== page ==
Now, let’s assume this is all on the up and up; At least between me and my ghost-coder.
I don’t know Upwork’s contracts, but I’d imagine most projects that hire me want my active involvement. Maybe I can subcontract, or maybe not.
Regardless, with the proposed arrangement, I need to take an active role in delegation of tasks and managing the their completion. I also need to establish a contract with my ghost-coder.
This is sounding less and less passive.
I’ve been a manager before and that’s no small amount of work. This ghost-coder’s compensation proposal is that I take a cut of the pay.
However, this arrangement still compels me to:
- Create a contract
- Conduct an interview (technical)
- Request work samples
- Perform code reviews
- Communicate with clients
- Communicate with ghost-coder, and likely m
- Manage expectations in all directions.
And what if my ghost-coder has hired their own ghost-coder? And so forth.
I don’t want a portion of a developers gig money to be their manager.
The ghost-coding is a grift. Maybe I’m not the target, but it’s grifting someone involved in the ecosystem.
In their pitch they tell me that I’ll control the money. That’s a red flag. They are demonstrating that they trust me while mapping to the employee/employer relationship. Employee does the work, employer gets the money, and pays the employee as per their employment agreement.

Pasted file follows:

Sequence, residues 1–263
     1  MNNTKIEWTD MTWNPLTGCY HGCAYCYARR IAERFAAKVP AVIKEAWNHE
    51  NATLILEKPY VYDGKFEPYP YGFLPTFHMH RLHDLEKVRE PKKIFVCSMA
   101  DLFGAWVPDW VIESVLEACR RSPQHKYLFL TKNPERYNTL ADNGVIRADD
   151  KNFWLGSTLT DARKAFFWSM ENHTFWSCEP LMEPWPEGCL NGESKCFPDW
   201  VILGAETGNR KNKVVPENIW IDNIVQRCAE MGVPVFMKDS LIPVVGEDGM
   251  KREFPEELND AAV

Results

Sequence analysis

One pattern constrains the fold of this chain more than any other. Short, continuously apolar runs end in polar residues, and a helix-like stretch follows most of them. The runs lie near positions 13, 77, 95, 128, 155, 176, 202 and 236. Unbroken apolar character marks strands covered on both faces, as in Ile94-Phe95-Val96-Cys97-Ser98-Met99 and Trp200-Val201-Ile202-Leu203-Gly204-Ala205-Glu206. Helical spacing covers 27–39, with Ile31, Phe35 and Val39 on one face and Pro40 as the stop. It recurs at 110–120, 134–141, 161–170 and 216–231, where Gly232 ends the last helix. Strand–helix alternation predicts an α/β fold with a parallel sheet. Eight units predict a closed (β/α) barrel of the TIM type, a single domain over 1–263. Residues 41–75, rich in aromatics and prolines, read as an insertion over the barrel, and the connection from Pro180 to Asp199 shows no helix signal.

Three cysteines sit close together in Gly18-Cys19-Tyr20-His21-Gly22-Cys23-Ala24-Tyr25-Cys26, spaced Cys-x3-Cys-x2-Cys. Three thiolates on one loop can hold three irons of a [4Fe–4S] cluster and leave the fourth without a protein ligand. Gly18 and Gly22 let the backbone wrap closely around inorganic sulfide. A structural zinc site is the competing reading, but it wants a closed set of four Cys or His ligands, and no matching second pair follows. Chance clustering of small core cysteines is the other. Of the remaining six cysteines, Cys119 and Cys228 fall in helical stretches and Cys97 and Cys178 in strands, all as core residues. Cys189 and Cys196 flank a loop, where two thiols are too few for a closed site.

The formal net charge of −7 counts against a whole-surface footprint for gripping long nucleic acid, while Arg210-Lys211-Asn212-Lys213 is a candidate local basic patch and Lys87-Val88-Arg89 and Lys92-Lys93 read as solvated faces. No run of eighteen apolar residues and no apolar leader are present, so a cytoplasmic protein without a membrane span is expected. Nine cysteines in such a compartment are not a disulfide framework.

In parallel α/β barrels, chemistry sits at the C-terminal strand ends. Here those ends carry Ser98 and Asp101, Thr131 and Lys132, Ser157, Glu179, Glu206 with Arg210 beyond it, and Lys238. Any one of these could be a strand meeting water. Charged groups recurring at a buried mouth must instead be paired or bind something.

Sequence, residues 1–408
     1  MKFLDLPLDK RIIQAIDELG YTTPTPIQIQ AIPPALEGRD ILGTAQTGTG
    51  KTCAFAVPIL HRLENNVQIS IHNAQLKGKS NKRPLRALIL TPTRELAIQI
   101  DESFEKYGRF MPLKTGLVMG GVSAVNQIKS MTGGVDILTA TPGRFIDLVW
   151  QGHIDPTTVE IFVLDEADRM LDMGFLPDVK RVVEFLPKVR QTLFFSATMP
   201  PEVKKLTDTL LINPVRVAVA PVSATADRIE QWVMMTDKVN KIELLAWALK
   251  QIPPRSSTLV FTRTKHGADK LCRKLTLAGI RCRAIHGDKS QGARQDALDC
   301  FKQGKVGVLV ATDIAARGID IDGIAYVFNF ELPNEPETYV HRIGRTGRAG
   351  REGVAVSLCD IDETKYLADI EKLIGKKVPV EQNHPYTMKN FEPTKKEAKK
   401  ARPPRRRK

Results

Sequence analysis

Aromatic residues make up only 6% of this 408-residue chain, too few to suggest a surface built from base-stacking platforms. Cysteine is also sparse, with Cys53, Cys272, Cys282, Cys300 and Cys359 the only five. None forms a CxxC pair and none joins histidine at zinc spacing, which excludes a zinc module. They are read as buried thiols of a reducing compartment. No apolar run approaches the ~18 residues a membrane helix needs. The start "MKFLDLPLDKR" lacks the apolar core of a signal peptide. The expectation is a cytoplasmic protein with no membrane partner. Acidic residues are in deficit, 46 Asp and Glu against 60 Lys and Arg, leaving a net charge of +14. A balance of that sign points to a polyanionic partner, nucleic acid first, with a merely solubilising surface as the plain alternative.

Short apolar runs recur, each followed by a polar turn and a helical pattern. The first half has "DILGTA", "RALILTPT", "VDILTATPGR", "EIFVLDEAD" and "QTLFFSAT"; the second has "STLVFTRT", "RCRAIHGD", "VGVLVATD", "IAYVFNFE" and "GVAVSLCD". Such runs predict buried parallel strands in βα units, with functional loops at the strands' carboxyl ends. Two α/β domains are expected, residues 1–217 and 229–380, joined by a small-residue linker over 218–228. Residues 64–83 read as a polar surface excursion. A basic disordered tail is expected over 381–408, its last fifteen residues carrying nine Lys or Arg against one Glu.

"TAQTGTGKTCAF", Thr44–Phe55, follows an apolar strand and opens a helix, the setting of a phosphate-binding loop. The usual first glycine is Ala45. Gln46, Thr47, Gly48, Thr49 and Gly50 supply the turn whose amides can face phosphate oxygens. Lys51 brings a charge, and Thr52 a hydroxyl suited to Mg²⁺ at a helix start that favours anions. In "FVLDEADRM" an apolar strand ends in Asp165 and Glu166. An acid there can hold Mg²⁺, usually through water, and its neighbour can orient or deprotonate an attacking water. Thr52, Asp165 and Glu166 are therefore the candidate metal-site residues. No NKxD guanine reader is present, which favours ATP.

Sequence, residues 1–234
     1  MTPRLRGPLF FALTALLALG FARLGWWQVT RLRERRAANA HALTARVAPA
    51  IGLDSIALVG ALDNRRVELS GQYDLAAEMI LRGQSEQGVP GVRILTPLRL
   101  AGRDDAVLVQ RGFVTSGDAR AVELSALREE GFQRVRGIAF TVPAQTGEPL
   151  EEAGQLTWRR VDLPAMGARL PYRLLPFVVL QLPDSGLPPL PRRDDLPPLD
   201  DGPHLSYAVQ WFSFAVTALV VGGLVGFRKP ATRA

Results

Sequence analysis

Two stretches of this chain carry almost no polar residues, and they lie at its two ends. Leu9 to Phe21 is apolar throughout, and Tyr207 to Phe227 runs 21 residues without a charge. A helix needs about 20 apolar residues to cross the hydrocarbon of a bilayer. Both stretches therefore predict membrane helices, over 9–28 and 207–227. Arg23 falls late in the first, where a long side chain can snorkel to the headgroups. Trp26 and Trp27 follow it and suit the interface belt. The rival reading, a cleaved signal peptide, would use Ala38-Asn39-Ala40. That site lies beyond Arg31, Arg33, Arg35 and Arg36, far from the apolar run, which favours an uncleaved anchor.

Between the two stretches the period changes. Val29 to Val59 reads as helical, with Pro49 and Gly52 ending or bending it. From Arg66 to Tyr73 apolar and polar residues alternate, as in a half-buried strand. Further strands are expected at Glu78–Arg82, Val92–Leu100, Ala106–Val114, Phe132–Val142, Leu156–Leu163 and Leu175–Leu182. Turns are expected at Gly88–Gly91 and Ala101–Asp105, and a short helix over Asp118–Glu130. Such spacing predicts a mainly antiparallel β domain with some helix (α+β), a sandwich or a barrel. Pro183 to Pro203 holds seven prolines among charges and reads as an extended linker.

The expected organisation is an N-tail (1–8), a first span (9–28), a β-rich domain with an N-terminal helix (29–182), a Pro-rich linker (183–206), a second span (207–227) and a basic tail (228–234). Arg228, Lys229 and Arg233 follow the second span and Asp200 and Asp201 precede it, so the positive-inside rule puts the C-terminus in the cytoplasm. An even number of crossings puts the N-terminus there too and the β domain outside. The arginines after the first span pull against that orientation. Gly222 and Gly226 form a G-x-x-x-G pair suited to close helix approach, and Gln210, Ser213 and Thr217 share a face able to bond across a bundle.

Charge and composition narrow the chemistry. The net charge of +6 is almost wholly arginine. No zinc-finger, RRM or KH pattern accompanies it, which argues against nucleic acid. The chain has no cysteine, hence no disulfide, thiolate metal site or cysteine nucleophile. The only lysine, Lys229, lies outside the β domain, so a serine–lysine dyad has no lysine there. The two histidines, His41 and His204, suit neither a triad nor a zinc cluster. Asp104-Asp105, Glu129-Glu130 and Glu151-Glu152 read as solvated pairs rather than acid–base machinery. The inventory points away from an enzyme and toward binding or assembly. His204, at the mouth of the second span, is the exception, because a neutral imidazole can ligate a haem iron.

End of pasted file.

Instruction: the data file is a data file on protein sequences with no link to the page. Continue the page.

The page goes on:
Again, I’ll control the money only after I sign a contract with Upwork and the client. And perhaps only after the ghost-coder delivers the code. Up until that point, I escrow the time I would need to personally complete the project and entering into a binding contract.
There’s the issue that my coding style, much like my writing, likely uniquely identifies my work. I suspect that this would be ghost-coder would have a different signature. Which is to say, without my active and extensive intervention, it will become clear — to machine learning or digital forensics — that I used a ghost-coder.
But Wait, There’s More.
Because the initial email left a few things vague, I wanted a bit more information.
In writing this post, I mentally merged their two emails to build the full context. However, for the next part, I’m only referencing the second email.
The would-be ghost-coder responded with a lengthy email that included the following:
The only preparation to start would be a remote access to your laptop and your upwork account. (and few more steps to establish working environment, which does not require money)
Oh hell no!
If this were a legit approach they wouldn’t need access to someone’s Upwork account nor to their machine.
Each of these solicitations come with the lure of passive income; Just provide your “work history” and “image” as collateral.
I see that as a certain path to poisoning my love of blogging and coding. Shifting from craft and art into a managereal hustle.
Now, is it time to write a policy?